The band takes a moment to leave behind their suite of coded-message songs behind them and show us a taste of the version of Phish that they are still actively inventing. “Leaves” begins and a drove of people head for the bathrooms. I reminded my friends about the very sick versions of this song performed at Jones Beach and The Baker’s Dozen and a few stay put. Lo and behold, they decided to take this ballad for a little mystical strut, rewarding the fans who were willing to let the band lead them into something new. “Leaves” seeps into a more ambient portion, and for a few moments they were in a space that’s between “Leaves” and “BOTT,” with the band mitigating a moody, spaced-out zone and a happy jaunt in a way that only Phish can do it.
A few songs later “Petrichor” appears for the first time since the pandemic-imposed hiatus. “And what’s that I feel on my head? Is it the rain coming down? But what? How could they possibly know that it’s drizzling when they’re all the way down the hill and inside? The only logical explanation is that Trey is a magical red wizard that controls the weather.” While many fans didn’t seem to like this pick, I found it to be perfectly played and gorgeous, and by the second time they said that “the rain came down” it was already past tense. The rain had stopped.
“The Squirming Coil” was up next and between all the shows I’ve seen in the last two years I hadn’t caught a single version of this song, making some tears well up. "Coil" capped off a gorgeous set, full of purpose and intent, with not a single wasted moment. But then the rain really came down and washed it all away. Set break was a very wet one, but after last week’s show at Pine Knob, where I had to remove my soaked underwear after they finally let us in the venue, this was child’s play.
The second set started off full of promise, with “Backwards Down the Number Line” taking an improvisatory ride for the first time since the early years of 3.0. As the official birthday anthem, the band invites us to consider milestone events in our lives – moments where we have an opportunity to look back and look forward in equal measure as we embrace a day of between-ness. As the band figured out how to bridge the known and unknown, the jam took on a similarly sneaky, groovy characteristic that was on display during “Leaves,” with a little bit more pep in their step. “Maze” flowed out of “Number Line,” showcasing another tightly performed, composed tune. This was perhaps the moment where the crowd was the happiest and most engaged.
“Mr. Completely” came up next and was the improvisational highlight of the second set. After the song concluded, the band quietly searched for the next motif and Trey latched onto a filthy, pitched-down, wah’d-out “Crazy Train” jam. The band dusted off some of the eviler vibes they channeled during “Fluffhead,” and in true Ozzy fashion, they really bite the head off of the bat and rain blood on us all. This passage led into some major-key, beautiful, blissful moods, as Fishman alternated between the “Mr. Completely” beat and other musings before entering into a “Weekapaug”-like segment , and then coming back into “Mr. Completely” for a nice conclusion.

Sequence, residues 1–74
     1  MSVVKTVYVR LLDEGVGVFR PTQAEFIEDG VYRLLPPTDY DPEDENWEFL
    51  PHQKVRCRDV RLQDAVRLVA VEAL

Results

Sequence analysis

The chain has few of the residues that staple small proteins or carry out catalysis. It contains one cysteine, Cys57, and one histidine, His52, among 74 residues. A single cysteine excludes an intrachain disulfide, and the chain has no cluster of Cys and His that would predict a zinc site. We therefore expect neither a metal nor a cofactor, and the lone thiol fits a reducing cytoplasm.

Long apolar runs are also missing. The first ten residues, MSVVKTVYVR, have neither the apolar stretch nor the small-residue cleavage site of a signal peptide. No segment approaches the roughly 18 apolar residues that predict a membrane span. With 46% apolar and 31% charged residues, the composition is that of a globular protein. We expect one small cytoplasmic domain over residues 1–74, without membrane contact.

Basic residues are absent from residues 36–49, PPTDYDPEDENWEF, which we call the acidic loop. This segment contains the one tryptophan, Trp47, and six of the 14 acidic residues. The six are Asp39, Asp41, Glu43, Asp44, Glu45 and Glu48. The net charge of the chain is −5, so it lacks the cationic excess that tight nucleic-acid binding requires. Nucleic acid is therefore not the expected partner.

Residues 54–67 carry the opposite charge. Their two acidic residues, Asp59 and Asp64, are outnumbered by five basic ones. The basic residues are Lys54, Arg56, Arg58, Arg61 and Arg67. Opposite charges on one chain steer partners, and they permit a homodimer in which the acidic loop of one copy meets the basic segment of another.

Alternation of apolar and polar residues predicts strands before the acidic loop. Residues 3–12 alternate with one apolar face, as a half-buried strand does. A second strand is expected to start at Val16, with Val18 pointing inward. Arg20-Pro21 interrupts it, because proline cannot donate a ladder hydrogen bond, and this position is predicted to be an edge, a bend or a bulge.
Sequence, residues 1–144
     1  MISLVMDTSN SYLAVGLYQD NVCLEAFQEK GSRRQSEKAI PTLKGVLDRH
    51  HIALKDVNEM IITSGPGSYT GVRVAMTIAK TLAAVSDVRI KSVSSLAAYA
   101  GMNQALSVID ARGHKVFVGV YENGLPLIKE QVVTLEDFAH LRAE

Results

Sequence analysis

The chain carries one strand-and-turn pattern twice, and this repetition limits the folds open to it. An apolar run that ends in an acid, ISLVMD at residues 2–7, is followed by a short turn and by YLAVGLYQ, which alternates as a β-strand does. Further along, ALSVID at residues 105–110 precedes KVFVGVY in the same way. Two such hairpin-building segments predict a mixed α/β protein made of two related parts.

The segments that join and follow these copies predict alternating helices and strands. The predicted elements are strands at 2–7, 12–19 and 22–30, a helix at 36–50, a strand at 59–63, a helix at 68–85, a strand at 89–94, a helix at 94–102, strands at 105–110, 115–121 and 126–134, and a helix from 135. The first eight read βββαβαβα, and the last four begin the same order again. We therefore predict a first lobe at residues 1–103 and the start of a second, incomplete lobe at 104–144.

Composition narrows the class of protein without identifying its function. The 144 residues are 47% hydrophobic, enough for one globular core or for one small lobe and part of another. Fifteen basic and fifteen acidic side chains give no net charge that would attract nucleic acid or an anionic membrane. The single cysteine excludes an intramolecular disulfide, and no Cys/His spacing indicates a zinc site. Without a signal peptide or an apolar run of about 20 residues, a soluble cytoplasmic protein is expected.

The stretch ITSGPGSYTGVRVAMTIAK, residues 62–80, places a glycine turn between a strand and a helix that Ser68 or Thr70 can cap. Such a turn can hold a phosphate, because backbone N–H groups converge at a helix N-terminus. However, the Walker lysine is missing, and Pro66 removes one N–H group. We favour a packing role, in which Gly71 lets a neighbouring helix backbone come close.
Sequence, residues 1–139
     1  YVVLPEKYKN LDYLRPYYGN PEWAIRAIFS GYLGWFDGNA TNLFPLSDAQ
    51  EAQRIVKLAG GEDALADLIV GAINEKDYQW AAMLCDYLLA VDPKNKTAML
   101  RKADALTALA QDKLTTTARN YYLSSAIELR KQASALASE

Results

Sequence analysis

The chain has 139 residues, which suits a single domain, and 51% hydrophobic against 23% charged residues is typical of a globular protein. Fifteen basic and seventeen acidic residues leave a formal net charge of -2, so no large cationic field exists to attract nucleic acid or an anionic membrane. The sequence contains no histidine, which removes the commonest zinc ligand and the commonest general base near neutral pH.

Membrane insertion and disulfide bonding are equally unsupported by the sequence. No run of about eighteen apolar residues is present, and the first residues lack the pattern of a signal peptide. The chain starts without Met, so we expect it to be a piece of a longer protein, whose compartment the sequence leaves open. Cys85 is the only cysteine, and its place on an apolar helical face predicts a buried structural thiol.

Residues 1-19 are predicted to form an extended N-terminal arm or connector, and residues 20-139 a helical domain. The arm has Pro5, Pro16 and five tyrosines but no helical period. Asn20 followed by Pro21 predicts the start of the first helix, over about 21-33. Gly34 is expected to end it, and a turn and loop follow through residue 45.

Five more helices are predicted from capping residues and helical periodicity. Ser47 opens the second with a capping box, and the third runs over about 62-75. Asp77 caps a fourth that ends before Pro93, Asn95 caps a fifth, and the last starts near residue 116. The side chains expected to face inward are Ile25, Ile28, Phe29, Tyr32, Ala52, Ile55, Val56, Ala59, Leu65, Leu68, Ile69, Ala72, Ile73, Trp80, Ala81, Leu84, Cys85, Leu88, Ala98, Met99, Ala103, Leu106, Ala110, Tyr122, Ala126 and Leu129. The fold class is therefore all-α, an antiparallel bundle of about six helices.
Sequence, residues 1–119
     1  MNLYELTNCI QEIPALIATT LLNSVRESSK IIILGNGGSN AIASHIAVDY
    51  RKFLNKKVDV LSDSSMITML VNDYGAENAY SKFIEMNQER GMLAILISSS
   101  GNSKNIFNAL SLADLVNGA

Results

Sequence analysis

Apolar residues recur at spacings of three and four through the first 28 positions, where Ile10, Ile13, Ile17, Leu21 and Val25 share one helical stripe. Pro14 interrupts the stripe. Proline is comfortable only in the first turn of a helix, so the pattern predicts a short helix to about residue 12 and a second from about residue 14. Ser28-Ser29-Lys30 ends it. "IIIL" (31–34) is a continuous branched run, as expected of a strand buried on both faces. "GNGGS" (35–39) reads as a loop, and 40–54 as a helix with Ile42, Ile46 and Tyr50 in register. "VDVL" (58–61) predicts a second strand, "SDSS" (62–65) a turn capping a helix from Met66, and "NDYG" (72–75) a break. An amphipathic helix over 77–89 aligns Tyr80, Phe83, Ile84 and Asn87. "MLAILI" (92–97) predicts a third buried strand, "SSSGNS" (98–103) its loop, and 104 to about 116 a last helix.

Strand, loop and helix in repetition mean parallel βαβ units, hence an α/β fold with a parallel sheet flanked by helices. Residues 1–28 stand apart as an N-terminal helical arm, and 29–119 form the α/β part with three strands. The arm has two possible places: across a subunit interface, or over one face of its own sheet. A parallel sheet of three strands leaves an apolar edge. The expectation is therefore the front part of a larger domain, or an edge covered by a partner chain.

“Roggae” is one of Phish’s most beautiful songs and actively invites the listener to slow down and consider all of the between-ness. “If life were easy and not so fast, I wouldn’t think about the past.” Some of the big feelings from the first set returned as the band slipped into the song, and I considered where I was in that moment, where I have been before, and where I will be soon, through all the darkness and the light.
After “Roggae”, the set kindof fell apart. Of course this is just one wook’s opinion, but the sequence of “About to Run” followed by “Waves” > “Undermind” didn’t quite put the cherry on the top of what had been a very inspired show up to this point. “About to Run,” though absolutely searing at moments, kept the set in ballad mode for a considerable portion of the song. “Waves” served a similarly mellow purpose, and “Undermind,” though always very fun, doesn’t quite compare to the only other time it closed a second set way back when our Faces Got Fucked at Dick’s. But Phish isn’t just the best at what they do - they’re the only ones who do what they do. I’m incredibly thrilled to keep Blazing On while the band plays on, dancing in the field and wearing sunglasses at night.
At the Saturday Alpine Valley show sandwiched between two other Alpine shows, Phish provided a swirling canvas of moods, feelings, and symbols, inviting me to joyously embrace the beautiful between-ness of the present moment. Though it wasn’t the apex Phish experience that I’m forever chasing, the show left me feeling grounded between what was and what will be. For other fans who allow themselves to be vulnerable enough to be open to this experience, this show, like many other Phish shows, provided ample moments in which we were invited to collectively step into the unknown, and hopefully use the opportunity to learn something about both the Phish experience and our lives outside of this bizarre hobby. Happy Sunday y’all!